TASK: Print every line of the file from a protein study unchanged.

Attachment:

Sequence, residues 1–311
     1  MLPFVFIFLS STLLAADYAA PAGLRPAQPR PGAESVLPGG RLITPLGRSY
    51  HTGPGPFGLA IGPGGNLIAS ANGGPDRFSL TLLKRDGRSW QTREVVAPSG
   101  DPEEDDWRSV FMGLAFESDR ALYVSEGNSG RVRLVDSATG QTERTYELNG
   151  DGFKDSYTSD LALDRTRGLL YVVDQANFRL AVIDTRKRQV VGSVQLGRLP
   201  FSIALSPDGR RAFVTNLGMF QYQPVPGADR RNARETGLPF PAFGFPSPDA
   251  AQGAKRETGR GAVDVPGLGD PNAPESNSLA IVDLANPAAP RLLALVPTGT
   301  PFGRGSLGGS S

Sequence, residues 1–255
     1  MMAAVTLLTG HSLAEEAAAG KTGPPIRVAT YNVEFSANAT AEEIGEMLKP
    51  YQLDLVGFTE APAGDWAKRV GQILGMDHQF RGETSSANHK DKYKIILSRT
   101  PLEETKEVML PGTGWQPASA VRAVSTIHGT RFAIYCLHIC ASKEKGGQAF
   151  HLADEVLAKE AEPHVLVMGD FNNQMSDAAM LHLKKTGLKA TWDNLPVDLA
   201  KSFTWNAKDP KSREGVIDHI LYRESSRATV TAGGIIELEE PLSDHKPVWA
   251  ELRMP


Sequence, residues 1–311
     1  MLPFVFIFLS STLLAADYAA PAGLRPAQPR PGAESVLPGG RLITPLGRSY
    51  HTGPGPFGLA IGPGGNLIAS ANGGPDRFSL TLLKRDGRSW QTREVVAPSG
   101  DPEEDDWRSV FMGLAFESDR ALYVSEGNSG RVRLVDSATG QTERTYELNG
   151  DGFKDSYTSD LALDRTRGLL YVVDQANFRL AVIDTRKRQV VGSVQLGRLP
   201  FSIALSPDGR RAFVTNLGMF QYQPVPGADR RNARETGLPF PAFGFPSPDA
   251  AQGAKRETGR GAVDVPGLGD PNAPESNSLA IVDLANPAAP RLLALVPTGT
   301  PFGRGSLGGS S

Sequence, residues 1–255
     1  MMAAVTLLTG HSLAEEAAAG KTGPPIRVAT YNVEFSANAT AEEIGEMLKP
    51  YQLDLVGFTE APAGDWAKRV GQILGMDHQF RGETSSANHK DKYKIILSRT
   101  PLEETKEVML PGTGWQPASA VRAVSTIHGT RFAIYCLHIC ASKEKGGQAF
   151  HLADEVLAKE AEPHVLVMGD FNNQMSDAAM LHLKKTGLKA TWDNLPVDLA
   201  KSFTWNAKDP KSREGVIDHI LYRESSRATV TAGGIIELEE PLSDHKPVWA
   251  ELRMP